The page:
The three ponies in the arena readied themselves, sensing weakness in their opponent. The zebra with the staff was chanting under her breath, working towards something big, while the armored mare with the scimitar and crescent moon crest had unsheathed her blade, which glowed with a blue edge. The Magekiller had thrown back the hood of his cloak, horn spitting and sparking white as he waited for the mark to begin.
“Begin!” Serale called.
Thunder roared from a clear blue sky, and a bolt of lightning sped down from above as the zebra struck her staff on the ground. The armored mare had thrown up a shield of dark blue energy in preparation for whatever was on the way, which saved her from an unfortunate early out, as the Magekiller’s horn flashed alabaster, causing an explosion of air that laid a thin layer of frost on the sand of the arena.
None of the blows landed, as Libra was already gone. What appeared next, however, was something unexpected. Three copies of Libra stood in the arena, each of them identical to the last detail. Immediately a barrage of magic erupted from their horns, each spell apparently just as real as the last. Curlicues of bright orange and pink and green spiraled through the air alongside gouts of flame and lines of purple force. What appeared to be silver serpents crawled through the air, shattering on impact with the hasty defenses thrown up by the contestants. No illusion was being cast, at least not in regards to Libra’s attack.
The zebra’s staff managed to ward off the attacks, runes flaring into life along its length, but not for long. It cost precious seconds for her to bring forth a new powder from her belt, enough to knock her back almost to the edge of the arena. The Magekiller was faring no better in his defense, clearly out of his depth. He was the first one to fall, tumbling from the arena in ignominy.
The armored pony, Cheval, was solid as a rock, secure behind her defenses. Her saber flicked through the air beside her as she searched for an opening in the magical barrages. It took her a moment, in which she appeared to be at a loss, but inspiration struck. The bubble around her turned into a half-sphere, which began to invert itself, becoming concave, trapping the spells instead of cancelling or deflecting them outright. The copy of Libra which had knocked out the Magekiller focused instead on this new target, attempting to hammer through the defenses while the first copy began to curve magic around the shield. The saber came into play here, as Cheval parried those few spells that made it around her barrier with ferocity.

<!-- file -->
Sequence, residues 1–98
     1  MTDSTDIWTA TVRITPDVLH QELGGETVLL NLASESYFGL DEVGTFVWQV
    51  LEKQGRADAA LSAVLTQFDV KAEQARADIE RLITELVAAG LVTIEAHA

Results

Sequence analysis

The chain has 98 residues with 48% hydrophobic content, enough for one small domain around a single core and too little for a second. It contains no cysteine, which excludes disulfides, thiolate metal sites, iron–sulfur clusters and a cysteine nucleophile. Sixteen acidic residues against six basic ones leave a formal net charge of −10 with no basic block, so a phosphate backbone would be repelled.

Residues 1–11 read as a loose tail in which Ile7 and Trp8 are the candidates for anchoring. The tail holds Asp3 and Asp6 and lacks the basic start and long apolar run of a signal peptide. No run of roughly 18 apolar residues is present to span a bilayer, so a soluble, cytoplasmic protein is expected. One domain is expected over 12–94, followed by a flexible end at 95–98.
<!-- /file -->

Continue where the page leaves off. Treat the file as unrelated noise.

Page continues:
The zebra slipped out of the ring, leaving the knight to face odds of three to one. She began to lose ground, but she managed to find an opening in between two particularly virulent volleys of arcane assault, and her horn flashed blue. A bolt of raw, brutish force sped towards the copy trying to get through her shield, impacting solidly and causing it to waver and vanish. A grin could be seen on her face as she began to parry the attacks coming her way more aggressively, sure of victory.
Cobblestone’s heart leapt into her throat as she sensed the tide turning in favor of the armored pony. Part of her wanted to see Libra do well, a part demonstrating loyalty to her new master, but she couldn’t deny that watching a single pony managing to succeed in fending off attacks that nopony else could was exciting.
A second opening led to another bolt, another devastating strike dispelled a copy of the Magus. She let her shield drop, using her saber to great effect as she and Magus Libra began to spar in the arena, trading blow after blow as they danced around each other. Cheval’s skill with her magic and steel was astounding, a blur of silver and blue that seemed to turn metal into a living being, a serpent striking and coiling around her in a mesmerizing and deadly dance.
Libra stumbled, and Cheval struck. The blow was warded off, but now Cobblestone’s teacher was on the defensive, bending attacks away from her that rained down thick and fast upon the beleaguered Magus, driving her back to the edge of the circle and defeat. She was five steps away from the edge, now three, now one, now on the very edge of the line. Cheval’s horn flashed, her saber pointed at Libra as she roared with effort, and the bolt sped true.